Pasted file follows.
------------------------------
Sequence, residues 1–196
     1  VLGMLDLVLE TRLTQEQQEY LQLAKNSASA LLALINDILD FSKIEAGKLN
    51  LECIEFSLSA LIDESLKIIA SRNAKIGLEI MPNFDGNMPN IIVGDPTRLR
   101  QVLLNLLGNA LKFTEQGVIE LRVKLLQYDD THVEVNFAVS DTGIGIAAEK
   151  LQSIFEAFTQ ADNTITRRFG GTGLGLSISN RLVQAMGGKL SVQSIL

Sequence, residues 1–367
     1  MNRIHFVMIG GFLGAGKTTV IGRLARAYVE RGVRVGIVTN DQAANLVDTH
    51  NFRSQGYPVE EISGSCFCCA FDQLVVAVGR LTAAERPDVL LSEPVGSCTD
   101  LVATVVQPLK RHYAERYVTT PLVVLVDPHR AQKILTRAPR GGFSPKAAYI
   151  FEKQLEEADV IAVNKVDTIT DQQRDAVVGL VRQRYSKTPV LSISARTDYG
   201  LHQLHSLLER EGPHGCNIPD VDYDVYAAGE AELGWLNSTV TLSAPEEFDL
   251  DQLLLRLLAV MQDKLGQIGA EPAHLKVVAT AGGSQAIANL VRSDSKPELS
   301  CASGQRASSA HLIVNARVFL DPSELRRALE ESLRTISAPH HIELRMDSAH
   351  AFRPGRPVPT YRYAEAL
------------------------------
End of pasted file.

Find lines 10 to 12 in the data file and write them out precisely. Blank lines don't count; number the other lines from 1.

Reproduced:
   151  FEKQLEEADV IAVNKVDTIT DQQRDAVVGL VRQRYSKTPV LSISARTDYG
   201  LHQLHSLLER EGPHGCNIPD VDYDVYAAGE AELGWLNSTV TLSAPEEFDL
   251  DQLLLRLLAV MQDKLGQIGA EPAHLKVVAT AGGSQAIANL VRSDSKPELS